Targeted social mobilization in a global manhunt

Rutherford, A., Cebrian, M., Rahwan, I., Dsouza, S., McInerney, J., et al. (2013) "Targeted Social Mobilization in a Global Manhunt", PLoS ONE 8(9): e74628. doi:10.1371/journal.pone.0074628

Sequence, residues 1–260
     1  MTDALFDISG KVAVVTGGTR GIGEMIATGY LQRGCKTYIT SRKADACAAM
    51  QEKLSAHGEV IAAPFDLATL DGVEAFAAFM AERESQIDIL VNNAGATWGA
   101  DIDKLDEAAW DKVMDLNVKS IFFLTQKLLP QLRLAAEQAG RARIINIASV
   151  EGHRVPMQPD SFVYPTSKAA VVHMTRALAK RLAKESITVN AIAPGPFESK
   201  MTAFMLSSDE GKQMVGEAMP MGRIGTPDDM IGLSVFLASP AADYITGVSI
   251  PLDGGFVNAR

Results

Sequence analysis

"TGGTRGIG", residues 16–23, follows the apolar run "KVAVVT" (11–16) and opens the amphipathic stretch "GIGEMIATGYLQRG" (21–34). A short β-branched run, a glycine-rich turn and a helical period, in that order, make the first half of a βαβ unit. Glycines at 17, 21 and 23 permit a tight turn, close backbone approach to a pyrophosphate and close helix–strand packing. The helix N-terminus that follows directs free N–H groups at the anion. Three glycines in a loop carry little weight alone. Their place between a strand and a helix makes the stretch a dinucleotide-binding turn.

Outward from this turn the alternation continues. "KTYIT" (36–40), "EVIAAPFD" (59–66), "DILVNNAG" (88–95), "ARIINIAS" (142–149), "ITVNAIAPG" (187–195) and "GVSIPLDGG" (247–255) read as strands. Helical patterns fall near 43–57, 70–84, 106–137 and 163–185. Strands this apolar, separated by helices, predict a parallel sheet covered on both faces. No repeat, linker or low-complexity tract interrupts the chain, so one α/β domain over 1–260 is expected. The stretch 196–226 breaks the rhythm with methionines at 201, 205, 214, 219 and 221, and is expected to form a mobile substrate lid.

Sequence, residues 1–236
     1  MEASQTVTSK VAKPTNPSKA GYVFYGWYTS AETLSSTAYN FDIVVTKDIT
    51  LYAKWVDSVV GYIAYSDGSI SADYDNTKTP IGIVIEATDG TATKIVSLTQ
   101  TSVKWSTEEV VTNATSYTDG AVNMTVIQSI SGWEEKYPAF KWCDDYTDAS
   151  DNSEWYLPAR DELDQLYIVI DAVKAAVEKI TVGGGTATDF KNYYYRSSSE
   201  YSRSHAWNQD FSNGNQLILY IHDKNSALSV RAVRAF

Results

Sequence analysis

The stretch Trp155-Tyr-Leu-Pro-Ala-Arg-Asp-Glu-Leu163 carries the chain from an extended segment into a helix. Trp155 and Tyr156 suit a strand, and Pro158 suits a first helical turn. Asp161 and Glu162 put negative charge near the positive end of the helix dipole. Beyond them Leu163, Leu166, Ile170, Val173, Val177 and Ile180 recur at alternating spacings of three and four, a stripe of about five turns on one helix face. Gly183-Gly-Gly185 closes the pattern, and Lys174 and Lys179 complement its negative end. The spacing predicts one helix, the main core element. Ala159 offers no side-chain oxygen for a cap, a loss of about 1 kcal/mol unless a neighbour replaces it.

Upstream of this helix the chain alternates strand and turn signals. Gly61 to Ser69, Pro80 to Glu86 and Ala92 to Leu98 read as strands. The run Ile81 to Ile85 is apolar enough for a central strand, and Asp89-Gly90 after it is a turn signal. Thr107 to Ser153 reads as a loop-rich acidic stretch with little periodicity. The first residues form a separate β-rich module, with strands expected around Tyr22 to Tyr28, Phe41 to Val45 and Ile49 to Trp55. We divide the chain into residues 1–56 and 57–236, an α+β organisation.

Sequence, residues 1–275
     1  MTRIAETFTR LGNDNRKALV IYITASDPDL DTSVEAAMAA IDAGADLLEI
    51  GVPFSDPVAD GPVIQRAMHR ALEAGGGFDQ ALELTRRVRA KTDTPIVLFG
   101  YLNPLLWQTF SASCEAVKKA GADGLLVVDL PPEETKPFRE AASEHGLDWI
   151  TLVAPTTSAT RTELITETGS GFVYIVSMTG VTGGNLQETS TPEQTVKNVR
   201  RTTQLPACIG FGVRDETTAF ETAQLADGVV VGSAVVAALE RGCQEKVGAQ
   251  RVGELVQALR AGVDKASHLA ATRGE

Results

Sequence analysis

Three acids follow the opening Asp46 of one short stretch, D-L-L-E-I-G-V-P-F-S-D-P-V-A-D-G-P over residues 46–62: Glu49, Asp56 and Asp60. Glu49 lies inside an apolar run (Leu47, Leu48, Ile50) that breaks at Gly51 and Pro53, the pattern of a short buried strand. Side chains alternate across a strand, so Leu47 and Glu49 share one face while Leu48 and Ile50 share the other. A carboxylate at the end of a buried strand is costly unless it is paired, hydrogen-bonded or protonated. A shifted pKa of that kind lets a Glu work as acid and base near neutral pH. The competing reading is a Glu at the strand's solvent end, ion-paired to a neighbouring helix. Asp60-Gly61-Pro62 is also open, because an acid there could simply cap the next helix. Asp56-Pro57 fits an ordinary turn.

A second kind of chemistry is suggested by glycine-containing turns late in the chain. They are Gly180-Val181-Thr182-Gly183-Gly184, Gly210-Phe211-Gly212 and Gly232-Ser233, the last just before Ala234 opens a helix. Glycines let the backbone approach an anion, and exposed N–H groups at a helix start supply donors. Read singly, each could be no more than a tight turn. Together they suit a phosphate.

Social mobilization, the ability to mobilize large numbers of people via social networks to achieve highly distributed tasks, has received significant attention in recent times. This growing capability, facilitated by modern communication technology, is highly relevant to endeavors which require the search for individuals that possess rare information or skills, such as finding medical doctors during disasters, or searching for missing people. An open question remains, as to whether in time-critical situations, people are able to recruit in a targeted manner, or whether they resort to so-called blind search, recruiting as many acquaintances as possible via broadcast communication. To explore this question, we examine data from our recent success in the U.S. State Department's Tag Challenge, which required locating and photographing 5 target persons in 5 different cities in the United States and Europe – in under 12 hours – based only on a single mug-shot. We find that people are able to consistently route information in a targeted fashion even under increasing time pressure. We derive an analytical model for social-media fueled global mobilization and use it to quantify the extent to which people were targeting their peers during recruitment. Our model estimates that approximately 1 in 3 messages were of targeted fashion during the most time-sensitive period of the challenge. This is a novel observation at such short temporal scales, and calls for opportunities for devising viral incentive schemes that provide distance or time-sensitive rewards to approach the target geography more rapidly. This observation of ′12 hours of separation' between individuals has applications in multiple areas from emergency preparedness, to political mobilization.

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